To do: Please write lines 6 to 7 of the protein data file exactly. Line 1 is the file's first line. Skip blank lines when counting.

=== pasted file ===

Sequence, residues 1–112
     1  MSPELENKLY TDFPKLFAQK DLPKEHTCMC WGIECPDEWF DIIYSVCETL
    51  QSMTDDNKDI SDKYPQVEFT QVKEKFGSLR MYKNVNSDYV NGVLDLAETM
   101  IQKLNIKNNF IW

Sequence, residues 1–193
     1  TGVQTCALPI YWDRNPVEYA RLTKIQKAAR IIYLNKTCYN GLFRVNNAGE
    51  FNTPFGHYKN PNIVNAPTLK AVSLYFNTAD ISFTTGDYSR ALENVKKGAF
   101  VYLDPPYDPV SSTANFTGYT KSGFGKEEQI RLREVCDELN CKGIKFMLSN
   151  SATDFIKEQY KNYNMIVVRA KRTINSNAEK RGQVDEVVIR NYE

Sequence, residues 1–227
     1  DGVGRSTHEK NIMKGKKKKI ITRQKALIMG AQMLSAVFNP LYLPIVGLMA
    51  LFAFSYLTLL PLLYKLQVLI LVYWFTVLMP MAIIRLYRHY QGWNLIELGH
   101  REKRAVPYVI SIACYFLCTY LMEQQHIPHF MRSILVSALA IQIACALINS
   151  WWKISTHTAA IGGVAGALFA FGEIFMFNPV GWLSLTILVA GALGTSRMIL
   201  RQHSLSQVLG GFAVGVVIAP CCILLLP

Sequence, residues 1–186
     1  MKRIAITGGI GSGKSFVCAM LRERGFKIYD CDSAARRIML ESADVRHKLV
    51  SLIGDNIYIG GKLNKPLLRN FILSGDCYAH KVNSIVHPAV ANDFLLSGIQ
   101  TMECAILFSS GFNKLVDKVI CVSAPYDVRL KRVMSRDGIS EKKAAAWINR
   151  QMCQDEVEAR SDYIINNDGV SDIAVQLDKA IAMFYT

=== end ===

     1  TGVQTCALPI YWDRNPVEYA RLTKIQKAAR IIYLNKTCYN GLFRVNNAGE
    51  FNTPFGHYKN PNIVNAPTLK AVSLYFNTAD ISFTTGDYSR ALENVKKGAF